Rapidly Changing Competition

Rapidly Changing Competition

Rapidly Changing Competition

There is one consistent message I hear from CEOs all over the world.  Competition is tough and getting tougher.  But what, exactly, does that mean?  Does it mean there are more competitors, or that competitors have more resources than they did in the past?  Or does it mean something completely different?

The raw data suggests a few, important facts that may be causing us to feel competition is more difficult today

First, it is true that there are more companies now than ever before.  In terms of your market, there may not be more direct competitors. Companies, however, are meeting customers’ needs in more ways than existed in the past.  Futhermore, some of these may lie outside of your direct competition.

The second big change is that there are more viable businesses that are smaller than was practical years ago.  Because of changes in technology, small businesses can run with greater sophistication and less management cost.

The third big change that has made competition difficult for many is that distribution channels are changing faster than ever before.  In the 1850’s, you might have bought many of your household goods at a general store.  The general store was supported by a very different distribution chain than the supermarkets of the 1950’s.  Between the 1950’s and today, distribution has undergone even bigger changes.  Some retail markets bypass the conventional retail channel altogether in favor of mail order and, most recently, online sales.  These changes are not just happening in markets where products are sold.  Services are undergoing their own change, at a breathtaking pace.

Agility is a much more important competitive advantage than in the past

For many companies, these – and other – trends have made agility a much more important competitive advantage than in the past.  For example, switching from brick and mortar to online or hybrid customer access has been a life and death struggle for companies that have survived over 100 years of change.  That one change has accelerated in the past 10 years to the point that some have predicted the demise of many industries.  Alternatively, others, of course, are being created.  If you are agile enough to jump from one horse to the other your business may survive.  Moreover, you may even thrive in this new, turbulent world.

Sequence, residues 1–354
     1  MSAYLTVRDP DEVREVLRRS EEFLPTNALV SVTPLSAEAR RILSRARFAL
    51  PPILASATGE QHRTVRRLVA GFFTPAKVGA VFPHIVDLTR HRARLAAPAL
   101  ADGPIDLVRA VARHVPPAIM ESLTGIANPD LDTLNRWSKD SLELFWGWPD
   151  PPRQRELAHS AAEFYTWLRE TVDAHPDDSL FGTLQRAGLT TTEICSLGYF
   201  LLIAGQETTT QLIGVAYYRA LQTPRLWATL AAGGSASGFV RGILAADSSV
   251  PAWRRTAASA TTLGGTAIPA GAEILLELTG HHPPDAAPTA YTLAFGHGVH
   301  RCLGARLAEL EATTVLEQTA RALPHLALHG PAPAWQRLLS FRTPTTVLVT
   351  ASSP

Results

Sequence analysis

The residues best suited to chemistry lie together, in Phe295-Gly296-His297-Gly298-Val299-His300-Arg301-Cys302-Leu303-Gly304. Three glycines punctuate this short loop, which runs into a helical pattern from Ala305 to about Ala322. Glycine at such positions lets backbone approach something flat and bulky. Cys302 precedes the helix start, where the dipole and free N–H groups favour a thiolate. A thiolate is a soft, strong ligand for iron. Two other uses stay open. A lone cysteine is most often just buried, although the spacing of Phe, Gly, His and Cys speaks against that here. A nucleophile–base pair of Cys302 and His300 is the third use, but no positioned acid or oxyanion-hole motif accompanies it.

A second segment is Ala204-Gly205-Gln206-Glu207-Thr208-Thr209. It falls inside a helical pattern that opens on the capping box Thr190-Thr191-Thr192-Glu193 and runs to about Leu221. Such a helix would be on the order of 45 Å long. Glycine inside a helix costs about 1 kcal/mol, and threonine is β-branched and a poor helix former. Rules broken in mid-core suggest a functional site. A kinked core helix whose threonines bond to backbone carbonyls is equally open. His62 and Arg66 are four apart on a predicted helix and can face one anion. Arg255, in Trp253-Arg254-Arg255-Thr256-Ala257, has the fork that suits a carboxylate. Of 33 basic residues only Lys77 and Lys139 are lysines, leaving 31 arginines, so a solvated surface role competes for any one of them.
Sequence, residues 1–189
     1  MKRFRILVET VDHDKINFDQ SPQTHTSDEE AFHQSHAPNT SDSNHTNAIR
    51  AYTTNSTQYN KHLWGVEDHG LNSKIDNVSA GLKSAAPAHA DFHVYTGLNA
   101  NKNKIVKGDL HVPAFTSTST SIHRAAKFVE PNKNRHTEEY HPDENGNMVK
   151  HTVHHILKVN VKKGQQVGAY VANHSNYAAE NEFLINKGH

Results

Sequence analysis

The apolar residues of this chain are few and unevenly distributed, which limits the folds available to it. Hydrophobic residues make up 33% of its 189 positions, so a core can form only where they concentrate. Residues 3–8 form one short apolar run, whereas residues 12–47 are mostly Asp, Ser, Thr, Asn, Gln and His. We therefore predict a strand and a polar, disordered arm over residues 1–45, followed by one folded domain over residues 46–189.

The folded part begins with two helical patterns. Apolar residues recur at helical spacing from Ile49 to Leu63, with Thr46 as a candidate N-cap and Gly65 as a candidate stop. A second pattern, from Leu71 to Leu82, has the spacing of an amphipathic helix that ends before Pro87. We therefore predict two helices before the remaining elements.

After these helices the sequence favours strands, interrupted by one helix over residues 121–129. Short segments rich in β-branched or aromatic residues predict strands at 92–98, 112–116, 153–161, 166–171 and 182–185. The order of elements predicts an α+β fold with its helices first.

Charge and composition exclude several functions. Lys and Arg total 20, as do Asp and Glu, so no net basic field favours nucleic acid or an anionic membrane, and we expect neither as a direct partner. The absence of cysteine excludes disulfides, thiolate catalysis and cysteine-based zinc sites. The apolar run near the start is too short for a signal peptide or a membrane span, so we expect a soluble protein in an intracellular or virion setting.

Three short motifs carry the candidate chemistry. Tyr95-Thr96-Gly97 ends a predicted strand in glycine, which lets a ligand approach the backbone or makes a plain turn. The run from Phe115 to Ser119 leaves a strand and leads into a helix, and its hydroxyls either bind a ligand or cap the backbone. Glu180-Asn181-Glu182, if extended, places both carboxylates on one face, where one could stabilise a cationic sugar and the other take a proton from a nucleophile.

One of the casualties of rapidly changing competition has been the common use of the static strategic plan

The idea that you could create and profit from a five year plan for your business has become laughable.  Rapidly changing competition has made planning more important today than ever.  The key is to be able to change and even scrap your old plan quickly.  This is something many in the world of business strategy are loath to suggest.  Many of us would be hesitant to develop a strategic plan, knowing it may be scrapped in six months.  So how can we still profit from a good strategic plan without wasting time and money?

Three things to build into your strategic planning

The key to this, of course, is to build three things into your strategic planning that will make your plans more robust and adaptable:

  1. Plans must be created more quickly and inexpensively.
  2. Plans must be designed to change as the world changes – rapidly.
  3. Plans must be built around an awareness of which things are fixed in your markets, and which things may change.

Are you experiencing rapidly changing competition?  If not yet, it may be coming your way.  Do you need help developing a strategic plan that is adaptable to this changing world?  Attend our seminar on Simplified Strategic Planning to learn more about competitve strategy and other aspects of strategic planning.

Robert Bradford is President & CEO of the Center for Simplified Strategic Planning, Inc.  He can be reached at rbradford@cssp.com.

M. Dana Baldwin is Senior Strategist with Center for Simplified Strategic Planning, Inc. He can be reached by email at: baldwin@cssp.com

Co-Author, M. Dana Baldwin

Robert Bradford

Co-Author, Robert Bradford

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